Many of the band’s tunes are interpretations of traditional songs — i.e. “Cumberland Gap,” “Kitty Clyde,” “Gospel Plow” and “Oh, My Little Darling” — replete with the mournful howls, good-ol’-boy rejoinders and rollicking arrangements that characterize the genre. Yet, these guys play with an abandon and grit that are truly their own. What drives that level of feeling is a subtler force: At times, it’s hard to tell if the band stands as a true homage to string music, or if the boys are aping the form just to prove that they can.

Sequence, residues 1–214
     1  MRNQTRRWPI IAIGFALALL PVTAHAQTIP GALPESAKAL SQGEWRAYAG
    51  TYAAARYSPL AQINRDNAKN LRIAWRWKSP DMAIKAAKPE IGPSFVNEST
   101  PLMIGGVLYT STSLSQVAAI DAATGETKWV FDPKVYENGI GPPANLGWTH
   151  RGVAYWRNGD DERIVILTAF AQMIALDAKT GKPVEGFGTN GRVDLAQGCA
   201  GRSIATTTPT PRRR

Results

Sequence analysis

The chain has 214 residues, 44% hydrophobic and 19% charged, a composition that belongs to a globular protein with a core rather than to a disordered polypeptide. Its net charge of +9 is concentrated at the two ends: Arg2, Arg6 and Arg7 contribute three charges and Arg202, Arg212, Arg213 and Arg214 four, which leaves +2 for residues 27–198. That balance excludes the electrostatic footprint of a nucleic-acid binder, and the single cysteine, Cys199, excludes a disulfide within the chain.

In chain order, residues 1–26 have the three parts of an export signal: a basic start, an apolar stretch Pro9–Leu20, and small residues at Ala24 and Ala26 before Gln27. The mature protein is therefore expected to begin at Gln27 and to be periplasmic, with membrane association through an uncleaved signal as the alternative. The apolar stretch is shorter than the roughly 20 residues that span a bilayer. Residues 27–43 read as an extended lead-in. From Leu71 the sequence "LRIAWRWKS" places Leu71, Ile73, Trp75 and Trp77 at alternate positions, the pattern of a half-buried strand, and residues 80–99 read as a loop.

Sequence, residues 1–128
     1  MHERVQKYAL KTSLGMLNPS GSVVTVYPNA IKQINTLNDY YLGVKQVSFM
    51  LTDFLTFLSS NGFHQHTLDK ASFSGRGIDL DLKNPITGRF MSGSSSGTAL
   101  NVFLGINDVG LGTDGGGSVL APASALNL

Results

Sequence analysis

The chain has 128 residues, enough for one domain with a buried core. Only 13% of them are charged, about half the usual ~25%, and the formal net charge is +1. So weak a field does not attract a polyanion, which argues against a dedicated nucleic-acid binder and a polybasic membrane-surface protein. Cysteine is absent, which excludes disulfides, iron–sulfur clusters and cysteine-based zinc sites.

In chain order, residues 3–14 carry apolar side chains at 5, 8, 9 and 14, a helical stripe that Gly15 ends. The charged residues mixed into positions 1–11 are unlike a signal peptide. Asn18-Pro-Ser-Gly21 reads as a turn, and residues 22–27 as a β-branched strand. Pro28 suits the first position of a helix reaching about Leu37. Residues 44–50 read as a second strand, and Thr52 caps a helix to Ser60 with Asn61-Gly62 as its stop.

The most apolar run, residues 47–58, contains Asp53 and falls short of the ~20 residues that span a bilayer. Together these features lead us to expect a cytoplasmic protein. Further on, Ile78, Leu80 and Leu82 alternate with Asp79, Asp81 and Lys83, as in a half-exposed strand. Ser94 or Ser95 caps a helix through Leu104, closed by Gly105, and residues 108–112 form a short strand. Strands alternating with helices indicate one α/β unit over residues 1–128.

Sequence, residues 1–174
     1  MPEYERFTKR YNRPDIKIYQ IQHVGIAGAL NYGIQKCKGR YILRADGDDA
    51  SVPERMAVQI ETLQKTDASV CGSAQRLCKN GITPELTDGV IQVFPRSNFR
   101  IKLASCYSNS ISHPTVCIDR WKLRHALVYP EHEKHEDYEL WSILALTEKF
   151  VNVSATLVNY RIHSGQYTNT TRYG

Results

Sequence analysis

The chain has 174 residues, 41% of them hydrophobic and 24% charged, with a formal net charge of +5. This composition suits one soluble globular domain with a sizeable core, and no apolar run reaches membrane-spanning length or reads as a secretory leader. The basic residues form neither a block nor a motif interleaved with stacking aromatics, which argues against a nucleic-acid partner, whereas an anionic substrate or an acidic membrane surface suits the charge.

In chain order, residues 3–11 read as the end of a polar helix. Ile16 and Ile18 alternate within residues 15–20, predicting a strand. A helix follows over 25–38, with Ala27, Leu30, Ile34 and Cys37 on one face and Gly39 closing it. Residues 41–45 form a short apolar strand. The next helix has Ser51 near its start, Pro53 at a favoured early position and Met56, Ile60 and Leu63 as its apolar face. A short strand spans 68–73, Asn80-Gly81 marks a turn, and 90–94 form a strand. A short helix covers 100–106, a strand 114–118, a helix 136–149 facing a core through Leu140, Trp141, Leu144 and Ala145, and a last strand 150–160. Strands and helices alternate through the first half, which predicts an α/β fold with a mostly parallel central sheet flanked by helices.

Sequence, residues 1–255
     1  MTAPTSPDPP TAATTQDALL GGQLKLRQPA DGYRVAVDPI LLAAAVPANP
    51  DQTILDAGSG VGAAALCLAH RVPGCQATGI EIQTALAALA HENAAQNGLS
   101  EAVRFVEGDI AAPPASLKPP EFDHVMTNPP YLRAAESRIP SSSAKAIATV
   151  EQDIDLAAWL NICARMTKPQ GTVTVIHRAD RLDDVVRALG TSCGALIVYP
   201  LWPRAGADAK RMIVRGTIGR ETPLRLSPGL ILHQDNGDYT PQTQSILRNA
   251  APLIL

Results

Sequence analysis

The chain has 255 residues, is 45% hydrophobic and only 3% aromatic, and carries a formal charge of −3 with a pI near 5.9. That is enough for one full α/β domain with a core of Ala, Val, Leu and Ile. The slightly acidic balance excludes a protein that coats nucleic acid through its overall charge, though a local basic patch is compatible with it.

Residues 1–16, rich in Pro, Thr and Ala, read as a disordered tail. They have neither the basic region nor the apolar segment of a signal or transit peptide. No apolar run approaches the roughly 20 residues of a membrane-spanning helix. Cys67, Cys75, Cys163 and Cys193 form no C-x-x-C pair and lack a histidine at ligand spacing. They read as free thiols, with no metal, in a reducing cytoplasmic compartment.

The first time I talked to Secor, he had just finished digging post holes, had a beer in his hand, and very politely informed me that he probably couldn’t schedule an interview, because he was about to hitchhike to Ohio to see his sister. This sure sounded like an authentic mountain-music player to me (though Secor hails from Missouri). When he called back a couple of days later — from an outdoor phone nook in Harold, Ky., during a driving Floyd County rainstorm — the fiddler shed some more light on the subject of the band’s raison d’etre. (I asked him first if he was afraid of getting shot or beaten up while hitching cross-country; his reply, like the rest of his story, evinced a good dose of latter-day Beat junkie and Gen-Xer tempering this bluegrass boy: “Well, that’s the whole principle of the Medicine Show … you put your trust in the medicine, and you don’t get beat up.”)